After being away from Cayman Brac for the last 20 years, I finally made it back to my beloved paradise in the sea only to be appalled at the number of “wild,” or “feral” as they are called, chickens.
Not only have the number of hens along with their babies overtaken what was once a beautiful landscape filled with lush vegetation and flowering plants, now there is an abundance of crowing roosters and “fowl” smelling feces at every turn.
Now I am quite accustomed to ranchland back in the U.S., but the unattended chicken population here has just gotten completely out of hand. Even the parking lots of local stores are overrun by these pests, with the ability to pull into a parking spot almost impossible due to the shear number of these nasty fowl being in the way.
In addition, not only are they a nuisance, they are also a hazard to drivers by constantly being in the crossroads and at every turn. On top of that, I am constantly finding abandoned eggs in places I had no idea chickens could even reach, including inside a boat on a trailer, in grape trees, cisterns, etc., and even stealing our dog’s food right out of the bowl.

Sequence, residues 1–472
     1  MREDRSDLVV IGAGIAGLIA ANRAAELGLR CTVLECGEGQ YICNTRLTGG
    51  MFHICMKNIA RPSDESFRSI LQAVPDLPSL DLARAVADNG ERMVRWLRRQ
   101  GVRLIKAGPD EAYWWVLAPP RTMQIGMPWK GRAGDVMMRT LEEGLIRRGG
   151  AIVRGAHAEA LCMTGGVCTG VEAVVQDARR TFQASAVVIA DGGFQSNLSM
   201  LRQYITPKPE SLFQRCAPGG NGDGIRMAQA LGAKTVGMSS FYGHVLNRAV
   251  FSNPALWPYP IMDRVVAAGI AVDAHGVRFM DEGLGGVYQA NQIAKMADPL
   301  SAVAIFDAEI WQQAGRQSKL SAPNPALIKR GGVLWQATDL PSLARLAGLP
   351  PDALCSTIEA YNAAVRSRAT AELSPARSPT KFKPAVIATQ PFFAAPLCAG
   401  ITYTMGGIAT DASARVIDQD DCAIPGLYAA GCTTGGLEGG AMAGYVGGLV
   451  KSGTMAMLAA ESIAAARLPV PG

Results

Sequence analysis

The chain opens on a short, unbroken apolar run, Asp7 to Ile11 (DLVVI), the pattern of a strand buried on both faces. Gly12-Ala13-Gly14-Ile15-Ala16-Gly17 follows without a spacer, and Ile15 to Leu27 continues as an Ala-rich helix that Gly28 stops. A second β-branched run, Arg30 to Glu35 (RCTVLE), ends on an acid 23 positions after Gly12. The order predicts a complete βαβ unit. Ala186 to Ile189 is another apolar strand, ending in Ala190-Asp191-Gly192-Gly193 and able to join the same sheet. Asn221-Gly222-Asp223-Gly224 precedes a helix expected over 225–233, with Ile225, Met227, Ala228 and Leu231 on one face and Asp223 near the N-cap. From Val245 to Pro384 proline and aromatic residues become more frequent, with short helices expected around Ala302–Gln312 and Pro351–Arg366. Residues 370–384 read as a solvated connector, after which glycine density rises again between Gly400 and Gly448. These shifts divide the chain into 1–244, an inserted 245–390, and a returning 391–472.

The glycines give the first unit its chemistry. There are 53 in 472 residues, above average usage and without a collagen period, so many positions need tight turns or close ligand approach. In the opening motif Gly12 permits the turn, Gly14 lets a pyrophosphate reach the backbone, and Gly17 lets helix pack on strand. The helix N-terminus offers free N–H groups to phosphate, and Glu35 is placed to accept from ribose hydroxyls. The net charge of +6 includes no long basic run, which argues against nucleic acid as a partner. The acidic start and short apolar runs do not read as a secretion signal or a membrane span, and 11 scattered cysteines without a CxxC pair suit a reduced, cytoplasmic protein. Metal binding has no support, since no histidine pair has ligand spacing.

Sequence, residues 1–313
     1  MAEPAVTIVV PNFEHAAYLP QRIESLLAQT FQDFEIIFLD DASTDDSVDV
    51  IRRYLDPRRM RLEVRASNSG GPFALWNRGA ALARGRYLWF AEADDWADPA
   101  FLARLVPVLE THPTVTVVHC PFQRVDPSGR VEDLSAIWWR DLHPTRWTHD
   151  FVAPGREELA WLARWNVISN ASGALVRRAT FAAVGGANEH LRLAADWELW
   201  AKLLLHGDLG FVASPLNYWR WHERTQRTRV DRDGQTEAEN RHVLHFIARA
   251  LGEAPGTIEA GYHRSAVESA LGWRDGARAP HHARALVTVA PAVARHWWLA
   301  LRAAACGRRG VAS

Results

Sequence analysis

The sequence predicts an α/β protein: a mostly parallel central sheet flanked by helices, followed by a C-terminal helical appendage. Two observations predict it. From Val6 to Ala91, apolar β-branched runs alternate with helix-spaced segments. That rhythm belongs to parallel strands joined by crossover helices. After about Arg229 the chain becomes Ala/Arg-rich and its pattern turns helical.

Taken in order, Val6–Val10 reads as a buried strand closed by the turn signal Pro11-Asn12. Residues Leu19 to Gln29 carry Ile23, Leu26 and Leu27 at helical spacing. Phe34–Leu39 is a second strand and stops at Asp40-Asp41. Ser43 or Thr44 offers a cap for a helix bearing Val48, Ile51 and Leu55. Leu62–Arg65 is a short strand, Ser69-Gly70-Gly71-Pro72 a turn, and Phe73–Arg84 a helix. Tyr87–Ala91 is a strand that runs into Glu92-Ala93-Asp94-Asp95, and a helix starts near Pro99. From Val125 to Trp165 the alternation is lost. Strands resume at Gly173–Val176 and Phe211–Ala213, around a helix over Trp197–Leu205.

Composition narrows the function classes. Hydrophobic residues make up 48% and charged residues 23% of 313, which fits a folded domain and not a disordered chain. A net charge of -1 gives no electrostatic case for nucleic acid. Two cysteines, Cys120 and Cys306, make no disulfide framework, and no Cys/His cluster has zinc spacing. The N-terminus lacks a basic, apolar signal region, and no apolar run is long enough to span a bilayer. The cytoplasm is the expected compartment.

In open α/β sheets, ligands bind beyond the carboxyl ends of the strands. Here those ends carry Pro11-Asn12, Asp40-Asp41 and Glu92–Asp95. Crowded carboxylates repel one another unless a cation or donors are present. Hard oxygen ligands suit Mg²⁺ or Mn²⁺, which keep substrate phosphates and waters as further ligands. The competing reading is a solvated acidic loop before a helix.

Everyone is surely aware of the many diseases associated with birds, especially unsanitary habitats, but no one knows how to get a handle on it. Not only are we concerned with the massive mosquito problem here, but we’re also facing a losing battle with the birds … which are not native to this area I might add.
Some point out that the “new local inhabitants” are helping to keep the chicken population under control, but that is additionally worrisome to think that they are serving these nasty creatures to us on a plate without any type of regulation or health concerns beings addressed. Free range is one thing, but this has gotten to the point of disease-ridden varmints taking over the island.
To top it all off, the roosters seem to be so defective they have no sense of an inner “alarm clock” by which they crow. Not only do the roosters and hens cackle and crow at all hours of the day, they don’t seem to know when to stop. Is there ever going to be any hope in getting rid of these smelly beasts, or will the island be overrun and neglected in this aspect, too?